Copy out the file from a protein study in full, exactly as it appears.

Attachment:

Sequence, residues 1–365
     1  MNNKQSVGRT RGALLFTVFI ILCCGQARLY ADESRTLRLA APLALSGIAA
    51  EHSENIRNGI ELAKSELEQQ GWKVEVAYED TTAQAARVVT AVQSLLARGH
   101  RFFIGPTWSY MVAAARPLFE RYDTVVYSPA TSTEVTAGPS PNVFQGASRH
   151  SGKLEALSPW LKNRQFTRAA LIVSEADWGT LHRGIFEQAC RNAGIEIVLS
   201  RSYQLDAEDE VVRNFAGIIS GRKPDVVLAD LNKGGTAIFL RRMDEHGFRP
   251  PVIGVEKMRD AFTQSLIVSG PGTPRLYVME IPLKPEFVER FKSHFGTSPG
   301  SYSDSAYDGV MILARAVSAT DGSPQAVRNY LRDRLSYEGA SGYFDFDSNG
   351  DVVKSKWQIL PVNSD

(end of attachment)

Sequence, residues 1–365
     1  MNNKQSVGRT RGALLFTVFI ILCCGQARLY ADESRTLRLA APLALSGIAA
    51  EHSENIRNGI ELAKSELEQQ GWKVEVAYED TTAQAARVVT AVQSLLARGH
   101  RFFIGPTWSY MVAAARPLFE RYDTVVYSPA TSTEVTAGPS PNVFQGASRH
   151  SGKLEALSPW LKNRQFTRAA LIVSEADWGT LHRGIFEQAC RNAGIEIVLS
   201  RSYQLDAEDE VVRNFAGIIS GRKPDVVLAD LNKGGTAIFL RRMDEHGFRP
   251  PVIGVEKMRD AFTQSLIVSG PGTPRLYVME IPLKPEFVER FKSHFGTSPG
   301  SYSDSAYDGV MILARAVSAT DGSPQAVRNY LRDRLSYEGA SGYFDFDSNG
   351  DVVKSKWQIL PVNSD